The joy of saying no.

Keep-Calm

A few month’s ago I wrote about ignoring my ideal target client profile and the resulting angst that ensued.  I am happy to share that I learned from that experience and had the pleasure of saying no to a potential new client last week.  Ah, the joy of saying no!

The reality is I still could have done better and made the decision sooner.  That is why I am writing this blog as perhaps others could benefit from this recent experience, too.

A dear friend introduces me to this prospective client.  She has been a dear friend for years and I was intrigued with the sector and the value proposition that this company had to offer.  I knew For Marketing Matters (FMM) could help them get a solid foundation in place and build awareness and a solid pipeline for them.  An initial phone conversation happens; I follow-up and follow-up and struggle to get commitment for a meeting. The CEO conveys how important marketing is to him, but is so busy with other priorities (initial hint that I ignored). Finally get a face to face meeting. Many other stakeholders in the room.  Good discussion.  Many head nodders agreeing with my proposed approach and methodology. CEO emphasizes sense of urgency and requests proposal to get started.  Proposal prepared and initial feedback from other top stakeholders is favorable.  Follow up and radio silence – for weeks.  Then the week before Christmas, CEO must have a meeting with me – can not wait.  So I shuffle schedule around, we meet in person and during the discussion there are all kinds of red flags flying (big hints, but I persevere).  I think after the meeting: I can overcome that.  I can work with that.  So I jump through hoops to get proposal written and turned around to client in one business day and guess what happens?  You know this story – nothing.  Radio silence again for two plus weeks.

A light goes on with me.  I come out of my fog and realize:  This is not my ideal client. In fact, this is not even close to being a client that I am going to enjoy working with.  The only item in the PRO column to go after this business is that I would have the opportunity to work and help my dear friend.  The CON column is long with all kinds of good reasons to ditch the work.  The fog has cleared.  I stop the silliness and let the prospective client know that I will not be moving forward to provide marketing services because it is not a good fit and it not set up for success – his or mine.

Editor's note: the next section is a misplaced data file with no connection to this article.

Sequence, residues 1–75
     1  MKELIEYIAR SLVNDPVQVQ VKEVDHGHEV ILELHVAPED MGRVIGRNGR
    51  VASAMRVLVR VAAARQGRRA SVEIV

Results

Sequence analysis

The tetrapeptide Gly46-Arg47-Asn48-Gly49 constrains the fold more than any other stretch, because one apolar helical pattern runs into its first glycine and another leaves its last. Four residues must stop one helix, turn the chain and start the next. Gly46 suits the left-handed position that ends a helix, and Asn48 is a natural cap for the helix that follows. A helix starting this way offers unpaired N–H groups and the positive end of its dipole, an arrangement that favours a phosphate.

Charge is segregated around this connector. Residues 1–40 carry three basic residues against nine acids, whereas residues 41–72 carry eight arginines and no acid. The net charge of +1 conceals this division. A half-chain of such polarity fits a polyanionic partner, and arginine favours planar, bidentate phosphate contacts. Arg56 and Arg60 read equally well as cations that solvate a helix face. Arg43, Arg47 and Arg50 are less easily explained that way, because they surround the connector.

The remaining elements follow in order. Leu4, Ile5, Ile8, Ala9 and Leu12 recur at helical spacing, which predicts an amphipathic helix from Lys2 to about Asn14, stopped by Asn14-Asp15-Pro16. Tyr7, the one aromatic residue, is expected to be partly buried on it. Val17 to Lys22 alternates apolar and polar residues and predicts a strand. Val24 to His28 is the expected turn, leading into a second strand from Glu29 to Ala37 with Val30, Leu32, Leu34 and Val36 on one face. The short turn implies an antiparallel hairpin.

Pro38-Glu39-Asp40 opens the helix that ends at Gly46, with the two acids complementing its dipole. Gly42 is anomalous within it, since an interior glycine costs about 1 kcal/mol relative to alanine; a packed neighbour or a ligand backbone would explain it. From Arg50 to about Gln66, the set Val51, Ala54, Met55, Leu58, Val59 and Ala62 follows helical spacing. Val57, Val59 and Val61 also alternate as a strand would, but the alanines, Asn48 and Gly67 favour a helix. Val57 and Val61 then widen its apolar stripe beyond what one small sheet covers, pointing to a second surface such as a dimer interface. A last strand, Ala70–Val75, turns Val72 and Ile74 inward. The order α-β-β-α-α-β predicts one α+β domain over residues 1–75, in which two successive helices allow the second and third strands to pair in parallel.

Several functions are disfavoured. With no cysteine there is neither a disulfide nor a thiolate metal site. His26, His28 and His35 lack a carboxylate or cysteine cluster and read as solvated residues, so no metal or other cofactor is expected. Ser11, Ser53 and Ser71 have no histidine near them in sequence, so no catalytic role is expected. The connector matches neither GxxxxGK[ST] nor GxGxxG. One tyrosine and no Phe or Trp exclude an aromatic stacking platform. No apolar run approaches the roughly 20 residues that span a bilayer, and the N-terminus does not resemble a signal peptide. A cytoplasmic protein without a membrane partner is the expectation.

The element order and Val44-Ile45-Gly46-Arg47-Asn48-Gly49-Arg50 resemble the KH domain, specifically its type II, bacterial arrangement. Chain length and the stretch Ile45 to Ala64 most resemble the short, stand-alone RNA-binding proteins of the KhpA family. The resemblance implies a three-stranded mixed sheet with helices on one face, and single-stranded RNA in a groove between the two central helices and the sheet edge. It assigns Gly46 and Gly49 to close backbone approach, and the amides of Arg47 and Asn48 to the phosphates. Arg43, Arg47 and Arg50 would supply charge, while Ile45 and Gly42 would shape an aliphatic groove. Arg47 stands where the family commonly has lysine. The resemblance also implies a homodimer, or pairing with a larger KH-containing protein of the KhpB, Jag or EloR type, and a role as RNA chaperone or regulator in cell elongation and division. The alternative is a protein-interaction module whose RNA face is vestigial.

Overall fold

Boy did that feel good.  I did what was right for me and For Marketing Matters and I know I did what was right for his company.  He was not committed to making the investments in the right areas that needed attention.  I shared the story with my business coach.  As always, she provided such incredible insight and commented, you have given him a gift.  Huh?  That thought had never crossed my mind.  She went on to explain that this decision is one of many points of feedback that he is likely getting.  There is a chance that over time he may connect the dots and realize he needs to change how he is leading the company and where he is investing in expertise.  His head of sales and head of business development (partner channel) both had recommended he accept my initial proposal.  He ignored their advice and instead chose the dabbler approach:  work on marketing tactics only and ignore the need for a strong marketing foundation.  If that business approach was literally the physical structure of the business today, the physical building would likely fall n the face of Juno, our raging blizzard.

My key learning and the point of this blog today:  use your target profile to evaluate potential clients; listen to your gut when it tells you to run; thank your friend for the introduction (in this case she was fully supportive and understanding why I was not going to move forward) and be true to who you are and the value of the services you offer.  If others don’t value it, that is ok.  There are many who do and it is so much more enjoyable to work with those that are wise to invest in marketing expertise (in my case) and value the real impact it has on growing their business and driving real value.  Just say no.  It feels really good.

 

 

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